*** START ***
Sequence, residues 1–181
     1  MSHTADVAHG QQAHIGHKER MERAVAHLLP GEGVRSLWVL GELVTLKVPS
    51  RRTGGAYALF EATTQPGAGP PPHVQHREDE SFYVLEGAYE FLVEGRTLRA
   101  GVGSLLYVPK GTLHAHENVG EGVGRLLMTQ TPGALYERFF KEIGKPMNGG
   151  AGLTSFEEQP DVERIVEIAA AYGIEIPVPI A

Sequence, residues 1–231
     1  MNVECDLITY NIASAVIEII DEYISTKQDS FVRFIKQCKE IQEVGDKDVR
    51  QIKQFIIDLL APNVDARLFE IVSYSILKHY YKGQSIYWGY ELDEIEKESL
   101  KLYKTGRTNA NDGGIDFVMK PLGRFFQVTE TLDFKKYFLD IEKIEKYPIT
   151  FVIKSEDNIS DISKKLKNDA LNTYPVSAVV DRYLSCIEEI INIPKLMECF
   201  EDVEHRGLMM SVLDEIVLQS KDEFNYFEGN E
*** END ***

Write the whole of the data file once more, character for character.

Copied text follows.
Sequence, residues 1–181
     1  MSHTADVAHG QQAHIGHKER MERAVAHLLP GEGVRSLWVL GELVTLKVPS
    51  RRTGGAYALF EATTQPGAGP PPHVQHREDE SFYVLEGAYE FLVEGRTLRA
   101  GVGSLLYVPK GTLHAHENVG EGVGRLLMTQ TPGALYERFF KEIGKPMNGG
   151  AGLTSFEEQP DVERIVEIAA AYGIEIPVPI A

Sequence, residues 1–231
     1  MNVECDLITY NIASAVIEII DEYISTKQDS FVRFIKQCKE IQEVGDKDVR
    51  QIKQFIIDLL APNVDARLFE IVSYSILKHY YKGQSIYWGY ELDEIEKESL
   101  KLYKTGRTNA NDGGIDFVMK PLGRFFQVTE TLDFKKYFLD IEKIEKYPIT
   151  FVIKSEDNIS DISKKLKNDA LNTYPVSAVV DRYLSCIEEI INIPKLMECF
   201  EDVEHRGLMM SVLDEIVLQS KDEFNYFEGN E